Written by Grace Ellis, Noelle Stevenson
Art by Brooke Allen
Published by BOOM! Studios
Release Date: April 9, 2014
Noelle Stevenson and Grace Ellis have written an unapologetically cute story about lady friendships, summer camp and supernatural forest beasts, and we all owe them a thank you. Lumberjanes is the book that so many have asked for, both accessible and girl friendly without sacrificing entertainment value for the older set. Whether you read it as a nostalgia trip, because you dig Nimona, or because Brook Allen’s art is just brain-meltingly fun, just make sure you read it.
I would argue this book isn’t just for girls – boys dig hunting weird stuff in the woods too – but it’s definitely a book I want to hand to every 11-18 year old I see and go LOOK A COMIC THAT WON’T MAKE YOU FEEL GROSS. This is definitely a story with resonance for anyone with summer camp or Girl Scout experience. The bond between the girls seems natural at the outset, despite some at least outward differences. The personalities are not very fleshed out yet, but it’s easy to see a diversity of tastes and backgrounds just by looking at them. The first issue really only teases the true scope and premise of the book; look for a deeper dive on both in issue 2.
The character designs are absolutely wonderful, and Allen renders them beautifully. Different body types, different hair, different complexions – you won’t find any worn out teenage girl stereotypes in these pages. Everything is mischievous and kinetic, definitely on the weird side. My only complaint is that only one of the girls appears to embrace the “girly girl” aesthetic; it’s important that depictions of girls getting into adventures don’t accidentally value the “tomboy” stereotype over girls who love pink and glitter and hairbows. Those girls can have adventures too. That said, it’s great to see girls of all shapes and sizes on the page, from the Lumberjanes themselves to their fabulous Camp Director, Rosie.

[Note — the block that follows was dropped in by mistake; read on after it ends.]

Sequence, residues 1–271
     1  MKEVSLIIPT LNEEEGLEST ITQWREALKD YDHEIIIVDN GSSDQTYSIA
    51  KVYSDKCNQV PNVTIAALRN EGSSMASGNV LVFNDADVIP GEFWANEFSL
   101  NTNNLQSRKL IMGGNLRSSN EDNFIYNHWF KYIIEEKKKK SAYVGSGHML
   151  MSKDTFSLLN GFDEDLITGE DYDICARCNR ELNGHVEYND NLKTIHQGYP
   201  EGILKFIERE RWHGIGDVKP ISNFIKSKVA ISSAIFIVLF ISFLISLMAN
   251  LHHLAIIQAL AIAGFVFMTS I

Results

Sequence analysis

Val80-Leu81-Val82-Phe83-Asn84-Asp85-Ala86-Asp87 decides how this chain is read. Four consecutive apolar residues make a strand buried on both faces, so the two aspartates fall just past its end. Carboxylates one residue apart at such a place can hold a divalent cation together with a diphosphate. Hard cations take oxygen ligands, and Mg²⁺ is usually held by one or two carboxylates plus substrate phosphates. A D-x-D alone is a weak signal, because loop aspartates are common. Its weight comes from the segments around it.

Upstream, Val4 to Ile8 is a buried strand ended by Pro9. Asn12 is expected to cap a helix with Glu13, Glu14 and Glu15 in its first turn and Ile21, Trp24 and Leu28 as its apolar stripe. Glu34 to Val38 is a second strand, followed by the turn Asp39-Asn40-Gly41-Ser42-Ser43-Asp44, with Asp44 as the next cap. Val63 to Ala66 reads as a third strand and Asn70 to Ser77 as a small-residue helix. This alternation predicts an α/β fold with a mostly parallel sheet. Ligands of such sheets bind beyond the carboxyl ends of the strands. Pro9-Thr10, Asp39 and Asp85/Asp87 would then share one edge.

While this book won’t appeal to everyone, it’s important that everyone be aware of it. Comics has room for all kinds of books, and there need to be more like this one. Girls doing for girls is important in comics especially, because it is traditionally dominated by male characters and creators. I’m not saying those guys are all bad; I’m just saying an all-female creative team and a book celebrating young female friendships shouldn’t be such a rarity in 2014. Hats off to Stevenson, Ellis, Allen, and everyone else involved for making this a reality. I’m sure they’ve all earned their Up All Night merit badges.
The Verdict: 9.0/10